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May 08, 2017
Book on Franz Kafka and his Novel The Trial
By Bellanwilla O.T.Perera
Bellanwila O.T. Perera although based in London publishes a book whenever he goes on holiday to his motherland, Sri Lanka. His contributions, after he emigrated to England in 1977, include A collection of short stories named Bidhunu Pighana (Broken Plate ), A critical assessment of Albert Camu and Franz Kafka', 'Life and Works of Satyajit Ray', 'Biography of Rabindranath Tagore' and 'Ethera Sita Liyu Lipi' which is a collection of his published newspaper articles.

Hence he is no stranger to Sri Lankan readership. While these five publications are in Sinhala, Mr Perera's latest addition is in English. 'Franz Kafka and His Celebrated Novel The Trial: A Study' is the name of his latest offering and it is a Sarasavi Publication. Most critics agree that Franz Kafka is one of the greatest literary enigmas of the twentieth century. They also agree that his novel The Trial is one of the greatest novels in World literature.

The first chapter of Mr Perera's new book contains Kafka's complete life story from birth to death with some eye-catching photographs starting with infant Kafka and ending with the last photograph of Kafka taken in 1923 or 1924. The second chapter includes, in brief, the story of the novel The Trial starting with the famous ‘arrest’ of the hero Josef K. to his death at the hands of two thugs sent in by an anonymous authority. The third chapter deals with the interpretations of the novel. At the start of this chapter Mr Perera says that a piece of Writing becomes a classic when it can be interpreted in various Ways. As readers would know, this novel, ie. The Trial, is one of the most difficult novels in World literature to interpret. However, in order to help the reader, Mr Perera has included a number of interpretations to the novel. He has also invited the readers to give their own interpretations. However, he warns in his 'Foreword' to the book that no one systematic interpretation has been able to pin down all the possible meanings of Kafka's work. In chapter four author Perera discusses the problems the reader has to face when interpreting Kafka's stories. Chapter five which is named as 'The World of Franz Kafka' deals with Kafka's religious views and also the religious meaning of 'Kafka's world'. According to Mr Perera Kafka's central theme was the gulf between the human and divine worlds. Majority of critics thought, according to Mr Perera, that Kafka was tortured by the absence of God in the post Neitzschean age. Mr Perera concludes chapter six, which is the last chapter, with the following thought provoking remarks:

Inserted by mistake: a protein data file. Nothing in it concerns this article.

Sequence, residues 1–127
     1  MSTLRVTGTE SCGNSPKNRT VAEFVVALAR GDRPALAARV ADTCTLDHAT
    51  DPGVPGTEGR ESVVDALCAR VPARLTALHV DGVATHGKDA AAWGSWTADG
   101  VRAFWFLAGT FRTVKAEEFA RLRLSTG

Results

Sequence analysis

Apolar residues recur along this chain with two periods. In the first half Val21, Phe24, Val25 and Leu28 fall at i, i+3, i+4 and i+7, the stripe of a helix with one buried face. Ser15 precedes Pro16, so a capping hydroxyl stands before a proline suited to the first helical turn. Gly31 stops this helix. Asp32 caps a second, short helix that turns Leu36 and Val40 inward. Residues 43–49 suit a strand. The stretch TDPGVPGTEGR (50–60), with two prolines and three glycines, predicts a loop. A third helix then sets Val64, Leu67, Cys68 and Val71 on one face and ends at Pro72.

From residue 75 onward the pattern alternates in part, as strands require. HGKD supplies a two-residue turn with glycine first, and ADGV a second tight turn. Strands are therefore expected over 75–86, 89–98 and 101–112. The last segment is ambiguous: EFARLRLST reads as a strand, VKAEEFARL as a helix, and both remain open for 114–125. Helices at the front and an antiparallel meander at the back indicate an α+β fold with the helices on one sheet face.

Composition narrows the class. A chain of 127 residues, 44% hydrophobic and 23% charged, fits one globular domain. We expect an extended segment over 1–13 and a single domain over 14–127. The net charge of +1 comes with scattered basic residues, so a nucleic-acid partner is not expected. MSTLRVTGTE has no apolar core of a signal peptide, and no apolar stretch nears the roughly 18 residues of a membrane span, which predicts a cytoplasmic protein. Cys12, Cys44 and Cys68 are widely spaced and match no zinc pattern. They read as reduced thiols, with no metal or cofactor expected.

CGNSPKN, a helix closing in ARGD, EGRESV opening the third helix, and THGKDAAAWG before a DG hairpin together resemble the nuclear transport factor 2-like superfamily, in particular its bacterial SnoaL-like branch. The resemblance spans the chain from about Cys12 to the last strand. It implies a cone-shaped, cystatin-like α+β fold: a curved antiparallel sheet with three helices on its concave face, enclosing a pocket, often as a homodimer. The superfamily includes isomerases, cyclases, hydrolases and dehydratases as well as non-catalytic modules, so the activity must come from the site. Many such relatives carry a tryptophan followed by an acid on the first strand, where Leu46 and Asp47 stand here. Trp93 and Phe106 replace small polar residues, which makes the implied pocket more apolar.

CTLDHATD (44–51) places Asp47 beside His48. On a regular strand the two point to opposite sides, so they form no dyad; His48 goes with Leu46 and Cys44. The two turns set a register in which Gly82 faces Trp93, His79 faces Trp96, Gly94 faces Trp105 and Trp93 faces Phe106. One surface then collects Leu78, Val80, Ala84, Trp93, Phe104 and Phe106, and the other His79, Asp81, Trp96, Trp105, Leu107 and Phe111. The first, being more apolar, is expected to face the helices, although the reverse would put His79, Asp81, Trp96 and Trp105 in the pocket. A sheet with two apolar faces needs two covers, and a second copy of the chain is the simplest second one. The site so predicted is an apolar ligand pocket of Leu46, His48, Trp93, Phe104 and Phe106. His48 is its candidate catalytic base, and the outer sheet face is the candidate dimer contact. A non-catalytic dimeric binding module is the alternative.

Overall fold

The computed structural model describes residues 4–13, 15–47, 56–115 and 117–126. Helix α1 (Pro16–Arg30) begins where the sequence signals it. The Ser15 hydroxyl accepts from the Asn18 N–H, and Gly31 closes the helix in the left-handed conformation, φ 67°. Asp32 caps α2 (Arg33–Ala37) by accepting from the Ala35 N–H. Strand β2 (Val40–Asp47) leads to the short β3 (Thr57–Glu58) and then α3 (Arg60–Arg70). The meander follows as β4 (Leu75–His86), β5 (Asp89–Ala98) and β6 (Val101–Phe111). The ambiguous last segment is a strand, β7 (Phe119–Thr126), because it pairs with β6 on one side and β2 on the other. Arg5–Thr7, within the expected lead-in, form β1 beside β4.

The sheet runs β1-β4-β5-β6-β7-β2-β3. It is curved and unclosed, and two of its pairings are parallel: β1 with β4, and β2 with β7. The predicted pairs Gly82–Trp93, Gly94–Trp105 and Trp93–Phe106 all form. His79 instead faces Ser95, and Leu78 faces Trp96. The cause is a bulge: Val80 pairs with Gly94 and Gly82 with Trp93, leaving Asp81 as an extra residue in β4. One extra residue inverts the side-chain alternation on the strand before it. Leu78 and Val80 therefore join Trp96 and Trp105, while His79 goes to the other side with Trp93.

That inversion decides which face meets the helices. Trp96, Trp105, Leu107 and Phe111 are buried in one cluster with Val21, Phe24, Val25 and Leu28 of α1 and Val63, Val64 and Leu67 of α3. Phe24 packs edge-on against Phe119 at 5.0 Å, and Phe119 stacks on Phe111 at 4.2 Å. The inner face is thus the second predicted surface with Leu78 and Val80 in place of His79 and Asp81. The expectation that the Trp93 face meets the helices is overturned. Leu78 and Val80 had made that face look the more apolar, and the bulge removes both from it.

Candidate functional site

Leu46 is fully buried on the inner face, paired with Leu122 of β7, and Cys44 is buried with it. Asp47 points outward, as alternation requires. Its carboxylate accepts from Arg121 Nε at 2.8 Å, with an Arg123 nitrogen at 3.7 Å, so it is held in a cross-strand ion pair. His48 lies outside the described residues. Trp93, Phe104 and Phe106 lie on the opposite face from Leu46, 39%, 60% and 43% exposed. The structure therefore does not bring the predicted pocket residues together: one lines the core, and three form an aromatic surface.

'Kafka longed for a system of thought or belief that would transcend the distinctions between the various compartments of life. It may be that he sensed but would not accept, the limitations of reason, and knew in his heart that only faith, which he thought was denied him, could answer his longing. He gives not an interpretation of the World but a reflection of a World in which there is desperate need for a synthesis of many interpretations, each of which is doubted. He exposes the apparent absurdity of reality, and equally the absurdity of the human mind that judges it to be absurd.

Author Perera also mentions in his book that it is impossible to convey the impression which this novel leaves with the reader. According to him it is a fantasy which is partly humorous, partly mad, yet incomparably sane and deadly serious, a fantasy in which rather common place Josef K. plays his baffling role against a backdrop of circumstances which is unsurpassed in literature for its muted terror.
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